T. neptunis, an elusive fairy lantern photographed in Borneo for the first time in 2017.
Photo: Michal Sochor

A small, parasitic plant that is basically the IRL version of the Facehugger from Alien—or, more charitably, a “fairy lantern”—has been rediscovered in a rainforest in Borneo—151 years after its first and only sighting. Michal Sochor, a botanist at the Crop Research Institute in Olomouc, Czech Republic who led the discovery, called it a “fantastic surprise.”

“[We] had spent two days in the same forest and found almost no other mycoheterotrophic plants—a bad sign,” Sochor told Earther in an email. “Moreover, one must be very lucky to do such a discovery.”

Mycoheterotrophic plants—plants that shun the Sun in favor of stealing food from root-associated fungi called mycorrhizae—are notoriously elusive, spending much of their time below-ground. This particular mycoheterotroph, Thismia neptunis, had been spotted just once before, in western Sarawak, by 19th century Italian botanist Odoardo Beccari. Its genus, Thismia (also known as the fairy lanterns), includes nearly 80 described species, many of which have only been discovered recently.

Okay but seriously, we sure this thing isn’t an alien?
Photo: Michal Sochor

Lucky though they may have been, Sochor and his colleagues didn’t come across the illusory T. neptunis completely by accident: they were in the very forest where Beccari discovered the original type specimen, and they “believed the species was still there.” Their intuition was rewarded in January 2017, when additional specimens of the parasitic plant were discovered and photographed for the very first time.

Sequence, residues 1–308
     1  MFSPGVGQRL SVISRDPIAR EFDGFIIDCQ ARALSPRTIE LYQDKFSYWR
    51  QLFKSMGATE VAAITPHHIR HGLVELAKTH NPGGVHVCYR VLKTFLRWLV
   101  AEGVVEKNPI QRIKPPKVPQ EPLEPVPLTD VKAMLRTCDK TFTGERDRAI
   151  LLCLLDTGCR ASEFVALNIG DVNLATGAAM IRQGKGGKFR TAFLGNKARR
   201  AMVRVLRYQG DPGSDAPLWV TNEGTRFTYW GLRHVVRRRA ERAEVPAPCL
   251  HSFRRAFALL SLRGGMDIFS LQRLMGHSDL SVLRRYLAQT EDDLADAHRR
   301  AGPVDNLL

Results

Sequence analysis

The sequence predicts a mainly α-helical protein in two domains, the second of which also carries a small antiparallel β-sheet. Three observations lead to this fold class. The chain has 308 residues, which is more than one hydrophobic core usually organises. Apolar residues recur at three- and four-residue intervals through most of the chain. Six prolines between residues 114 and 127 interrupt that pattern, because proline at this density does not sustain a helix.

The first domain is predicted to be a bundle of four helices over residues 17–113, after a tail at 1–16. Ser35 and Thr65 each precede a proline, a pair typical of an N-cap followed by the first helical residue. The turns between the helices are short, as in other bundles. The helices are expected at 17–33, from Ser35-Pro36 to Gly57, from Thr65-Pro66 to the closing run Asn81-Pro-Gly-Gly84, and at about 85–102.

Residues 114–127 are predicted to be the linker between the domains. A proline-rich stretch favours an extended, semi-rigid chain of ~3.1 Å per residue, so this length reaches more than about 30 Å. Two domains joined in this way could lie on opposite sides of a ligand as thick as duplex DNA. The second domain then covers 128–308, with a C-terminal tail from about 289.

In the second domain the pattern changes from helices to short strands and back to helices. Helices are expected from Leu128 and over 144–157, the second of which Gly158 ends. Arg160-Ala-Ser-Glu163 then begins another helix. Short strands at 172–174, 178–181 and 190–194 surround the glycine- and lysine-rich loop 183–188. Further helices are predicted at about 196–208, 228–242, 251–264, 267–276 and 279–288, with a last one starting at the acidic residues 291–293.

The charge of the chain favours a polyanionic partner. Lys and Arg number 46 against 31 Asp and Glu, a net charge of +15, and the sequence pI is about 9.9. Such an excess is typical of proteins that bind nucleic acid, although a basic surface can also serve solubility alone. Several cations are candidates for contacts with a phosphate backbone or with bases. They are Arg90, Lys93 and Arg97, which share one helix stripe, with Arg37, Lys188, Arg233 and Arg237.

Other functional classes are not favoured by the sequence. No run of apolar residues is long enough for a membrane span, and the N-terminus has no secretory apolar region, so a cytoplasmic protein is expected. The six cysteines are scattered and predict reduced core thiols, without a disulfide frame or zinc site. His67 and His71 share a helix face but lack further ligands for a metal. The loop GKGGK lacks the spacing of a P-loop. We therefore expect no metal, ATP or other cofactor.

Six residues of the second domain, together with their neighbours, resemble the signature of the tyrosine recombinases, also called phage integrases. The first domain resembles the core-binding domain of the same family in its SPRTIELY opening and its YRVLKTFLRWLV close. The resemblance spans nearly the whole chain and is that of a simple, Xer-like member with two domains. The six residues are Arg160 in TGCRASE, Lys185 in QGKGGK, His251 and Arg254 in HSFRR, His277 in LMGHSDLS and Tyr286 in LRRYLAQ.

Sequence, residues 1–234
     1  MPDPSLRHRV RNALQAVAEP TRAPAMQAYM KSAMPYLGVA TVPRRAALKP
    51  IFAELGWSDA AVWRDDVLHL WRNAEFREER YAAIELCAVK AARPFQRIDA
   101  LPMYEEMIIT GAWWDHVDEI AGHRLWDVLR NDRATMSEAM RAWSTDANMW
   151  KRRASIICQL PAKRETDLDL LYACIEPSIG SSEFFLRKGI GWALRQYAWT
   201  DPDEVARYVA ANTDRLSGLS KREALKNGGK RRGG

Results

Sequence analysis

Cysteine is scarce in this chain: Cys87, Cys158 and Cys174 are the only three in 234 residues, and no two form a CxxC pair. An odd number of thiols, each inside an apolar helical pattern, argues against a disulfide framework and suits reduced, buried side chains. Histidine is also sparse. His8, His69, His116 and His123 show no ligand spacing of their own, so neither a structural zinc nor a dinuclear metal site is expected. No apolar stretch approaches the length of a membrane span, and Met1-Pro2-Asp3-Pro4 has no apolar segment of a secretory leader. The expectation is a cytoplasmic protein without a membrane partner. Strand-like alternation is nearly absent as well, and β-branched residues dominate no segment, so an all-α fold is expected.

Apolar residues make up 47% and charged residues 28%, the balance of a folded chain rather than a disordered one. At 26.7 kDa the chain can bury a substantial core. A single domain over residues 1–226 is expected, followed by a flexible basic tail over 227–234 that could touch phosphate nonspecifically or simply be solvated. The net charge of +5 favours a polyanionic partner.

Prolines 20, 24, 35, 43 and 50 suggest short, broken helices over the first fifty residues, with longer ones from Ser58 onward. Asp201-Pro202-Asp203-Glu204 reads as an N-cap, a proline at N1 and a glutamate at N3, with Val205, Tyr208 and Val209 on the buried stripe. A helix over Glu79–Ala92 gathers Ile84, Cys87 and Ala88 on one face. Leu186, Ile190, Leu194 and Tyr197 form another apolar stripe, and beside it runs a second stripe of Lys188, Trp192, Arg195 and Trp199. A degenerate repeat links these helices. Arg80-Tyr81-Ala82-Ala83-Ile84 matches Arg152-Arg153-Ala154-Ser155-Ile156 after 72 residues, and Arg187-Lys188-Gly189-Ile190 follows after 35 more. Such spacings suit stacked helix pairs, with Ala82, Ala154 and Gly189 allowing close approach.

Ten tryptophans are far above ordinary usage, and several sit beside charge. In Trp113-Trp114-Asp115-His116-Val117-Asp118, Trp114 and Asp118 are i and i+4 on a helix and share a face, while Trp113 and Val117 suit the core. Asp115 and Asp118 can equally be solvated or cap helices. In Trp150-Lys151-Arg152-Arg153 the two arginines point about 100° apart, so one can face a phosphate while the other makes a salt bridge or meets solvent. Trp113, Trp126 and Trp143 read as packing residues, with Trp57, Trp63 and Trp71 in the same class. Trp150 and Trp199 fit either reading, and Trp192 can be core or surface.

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“To our knowledge, it is only the second finding of the species in total,” the researchers wrote in a paper published in the journal Phytotaxa last month, which includes an updated description of the “almost mythical plant.”

Sochor told Earther that he has “no idea” how widespread the species is, and that information on the distribution of related taxa is no help, since pretty much all species are scarce. “It would not surprise me, if the species [occurred] just in the one particular forest patch,” he said.

Perhaps it also won’t come as a surprise, then, that T. neptunis is considered critically endangered. According to the paper, Thismia plants tend to prefer undisturbed tropical rainforests, which are becoming harder and harder to come by. The authors note that T. neptunis’ habitat “has experienced a significant reduction in Sarawak in the last decades.”

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T. neptunis’ habitat in Borneo.
Photo: Michal Sochor

Sochor and his colleagues are currently finishing their description of several new Thismia species, which he says were also discovered during last year’s expedition. The botanists are also trying to gain new insights into the ecological roles fairy lanterns play. According to Sochor, these may be minor due to the generally limited distribution of the plants.

Nevertheless, he told Earther, “protection of any species from extinction is not a question, it’s a MUST, our moral obligation.”

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[h/t New Scientist]